Danish "Swedish lute"

I start by reporting the latest renovation (not an Old Gura), a Swedish lute built by the Dane Peder Stochholm in 1906. I found some facts and pictures of him in the book "Danish guitars - and their builders" by Kenneth Brögger.

The last paragraph was grim: "Despite the wide recognition he enjoyed, the quality of his work and his large output, like most other musical instrument makers, Peder Stochholm struggled with power all his life".

So, what is a "Swedish lute"? Wikipedia has the answer:

"The Swedish lute is a lute that was first developed from a cistern by the instrument builder Mathias Petter Kraft in the second half of the 1700th century. The instrument has a theorized neck with several exposed bass strings. The modern Swedish lute usually has 6 strings across the fingerboard and 4 or more free basses.”

It resembles a harp guitar, but the Swedish lute has a curved neck and drop-shaped body with a round bottom. The six strings are tuned like a regular guitar.

This lute had unusually few bass strings, only three. The bridge had been replaced, and the sound hole decoration had been loosened, probably to be able to glue cracks in the top. The "ship" itself, the round bottom, was in good condition, the top had several cracks and the string height was high. The neck, probably walnut, was also in good condition and the tuning screws were also of good quality. An odd detail was that the ebony fingerboard had a thick oak shim glued between the fingerboard and the neck. I thought it was a later addition, but it is supposed to be original.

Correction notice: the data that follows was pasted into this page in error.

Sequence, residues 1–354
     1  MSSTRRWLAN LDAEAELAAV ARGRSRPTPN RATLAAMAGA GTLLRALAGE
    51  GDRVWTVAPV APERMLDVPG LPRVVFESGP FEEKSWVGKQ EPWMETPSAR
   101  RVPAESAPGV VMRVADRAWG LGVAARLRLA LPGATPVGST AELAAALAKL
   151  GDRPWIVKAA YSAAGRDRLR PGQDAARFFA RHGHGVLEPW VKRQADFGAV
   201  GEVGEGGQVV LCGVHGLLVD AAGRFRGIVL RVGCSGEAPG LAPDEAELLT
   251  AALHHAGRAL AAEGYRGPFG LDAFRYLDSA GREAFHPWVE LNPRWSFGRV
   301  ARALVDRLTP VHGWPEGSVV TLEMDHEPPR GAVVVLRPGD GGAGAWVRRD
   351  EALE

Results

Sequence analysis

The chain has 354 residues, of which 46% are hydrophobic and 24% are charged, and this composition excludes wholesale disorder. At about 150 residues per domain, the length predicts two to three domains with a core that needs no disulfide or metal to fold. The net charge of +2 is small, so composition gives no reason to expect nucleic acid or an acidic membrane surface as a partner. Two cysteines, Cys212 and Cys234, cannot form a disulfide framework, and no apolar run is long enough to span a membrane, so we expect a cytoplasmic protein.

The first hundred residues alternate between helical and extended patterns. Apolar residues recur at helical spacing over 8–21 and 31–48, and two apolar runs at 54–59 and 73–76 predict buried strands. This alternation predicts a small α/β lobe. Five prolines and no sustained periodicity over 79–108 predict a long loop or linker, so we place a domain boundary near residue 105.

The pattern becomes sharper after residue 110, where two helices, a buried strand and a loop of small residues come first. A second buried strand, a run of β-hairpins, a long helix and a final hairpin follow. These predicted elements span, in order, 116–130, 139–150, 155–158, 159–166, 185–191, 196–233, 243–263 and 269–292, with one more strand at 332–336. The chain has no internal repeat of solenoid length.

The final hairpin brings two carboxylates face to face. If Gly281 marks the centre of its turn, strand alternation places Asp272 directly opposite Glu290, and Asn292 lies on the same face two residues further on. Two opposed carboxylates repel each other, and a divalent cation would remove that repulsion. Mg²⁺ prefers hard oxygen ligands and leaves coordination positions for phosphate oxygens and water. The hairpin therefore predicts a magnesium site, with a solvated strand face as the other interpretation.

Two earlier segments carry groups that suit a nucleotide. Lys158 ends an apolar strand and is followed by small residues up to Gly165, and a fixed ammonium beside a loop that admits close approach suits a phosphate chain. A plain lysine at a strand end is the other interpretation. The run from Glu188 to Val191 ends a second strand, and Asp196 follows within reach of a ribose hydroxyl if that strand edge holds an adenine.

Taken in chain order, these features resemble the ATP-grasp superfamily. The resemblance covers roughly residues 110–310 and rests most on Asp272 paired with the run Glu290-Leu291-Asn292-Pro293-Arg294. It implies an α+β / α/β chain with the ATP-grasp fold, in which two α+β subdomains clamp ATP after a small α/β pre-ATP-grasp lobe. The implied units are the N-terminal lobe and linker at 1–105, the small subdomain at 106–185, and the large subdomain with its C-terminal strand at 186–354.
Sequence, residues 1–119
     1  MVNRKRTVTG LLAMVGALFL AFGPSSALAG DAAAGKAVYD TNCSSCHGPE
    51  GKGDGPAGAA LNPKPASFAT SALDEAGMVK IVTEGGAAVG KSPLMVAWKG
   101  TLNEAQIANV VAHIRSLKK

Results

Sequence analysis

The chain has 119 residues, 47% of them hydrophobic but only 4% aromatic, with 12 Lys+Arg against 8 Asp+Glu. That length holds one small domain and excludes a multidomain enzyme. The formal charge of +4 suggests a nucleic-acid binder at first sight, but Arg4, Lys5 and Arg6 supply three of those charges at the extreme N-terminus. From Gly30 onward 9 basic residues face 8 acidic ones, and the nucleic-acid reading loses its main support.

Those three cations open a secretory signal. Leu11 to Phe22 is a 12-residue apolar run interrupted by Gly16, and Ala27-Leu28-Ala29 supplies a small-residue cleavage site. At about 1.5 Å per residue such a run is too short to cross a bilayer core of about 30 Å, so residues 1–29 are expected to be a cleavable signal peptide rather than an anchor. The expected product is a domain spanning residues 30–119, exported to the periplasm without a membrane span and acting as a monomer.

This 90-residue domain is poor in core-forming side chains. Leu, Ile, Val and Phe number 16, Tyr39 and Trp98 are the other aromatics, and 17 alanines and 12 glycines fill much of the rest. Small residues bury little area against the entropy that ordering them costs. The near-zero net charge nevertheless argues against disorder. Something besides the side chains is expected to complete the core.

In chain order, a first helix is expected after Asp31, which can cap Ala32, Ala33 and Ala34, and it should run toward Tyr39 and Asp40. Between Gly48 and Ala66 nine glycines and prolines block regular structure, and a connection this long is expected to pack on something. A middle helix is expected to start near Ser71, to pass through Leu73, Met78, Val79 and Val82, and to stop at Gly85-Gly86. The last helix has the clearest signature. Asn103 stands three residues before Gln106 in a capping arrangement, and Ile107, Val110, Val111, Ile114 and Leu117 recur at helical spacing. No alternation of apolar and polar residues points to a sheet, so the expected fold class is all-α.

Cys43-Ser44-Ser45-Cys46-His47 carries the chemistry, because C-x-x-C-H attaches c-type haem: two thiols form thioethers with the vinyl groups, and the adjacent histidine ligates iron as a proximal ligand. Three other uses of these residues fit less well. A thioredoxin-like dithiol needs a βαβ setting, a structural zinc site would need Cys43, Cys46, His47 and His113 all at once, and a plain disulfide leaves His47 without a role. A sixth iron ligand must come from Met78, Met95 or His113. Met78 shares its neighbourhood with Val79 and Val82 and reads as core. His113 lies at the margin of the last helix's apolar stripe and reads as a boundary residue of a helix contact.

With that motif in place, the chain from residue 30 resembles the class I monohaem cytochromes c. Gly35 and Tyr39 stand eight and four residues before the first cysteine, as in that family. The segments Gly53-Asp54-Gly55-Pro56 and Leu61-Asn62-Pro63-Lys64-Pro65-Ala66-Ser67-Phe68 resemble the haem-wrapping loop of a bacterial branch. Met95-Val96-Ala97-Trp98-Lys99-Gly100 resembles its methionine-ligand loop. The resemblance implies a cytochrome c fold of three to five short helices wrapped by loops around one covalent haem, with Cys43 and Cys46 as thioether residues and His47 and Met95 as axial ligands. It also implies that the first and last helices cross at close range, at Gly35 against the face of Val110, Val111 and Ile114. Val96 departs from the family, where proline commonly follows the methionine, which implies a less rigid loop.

The binding was as wide as the top was thick, so it was not difficult to detach the top from the round bottom. The replaced bridge was a "string through" bridge, but the original had string pins as the holes in the top showed. The ribbing in the top was a bit special with a latticework of thin and carelessly carved ribs. One of the ribs had three mysterious holes as well. No bridge plate.

To deal with the round bottom I made a special jig, but later realized I needed to do something more practical and general, it's not often I have round bottom instruments, but it happens.


The top was deformed, so the first step was to moisten the top and put it under pressure overnight to flatten it. The cracks were then glued with hot hide glue.

I wasn't impressed with the original ribbing, but tried to replicate it with a custom variation of my standard ribbing with a spruce bridgeplate and A-frame around the sound hole. An extra thin spruce patch reinforced the top on the side with the bass strings. The replaced bridge was replaced with a rosewood peg bridge in the style of a bridge in one of the pictures in the book, but which may not have been original. Perhaps, or most likely, the original bridge on this one was not rectangular but some type of a mustache stall, but the wound in the top from the replaced bridge had to be covered.

The fretboard was loosened and a carbon fiber rod milled in. There was talk of stringing it with steel strings and then it is always good to have a stiffer neck. It ended up getting nylon strings.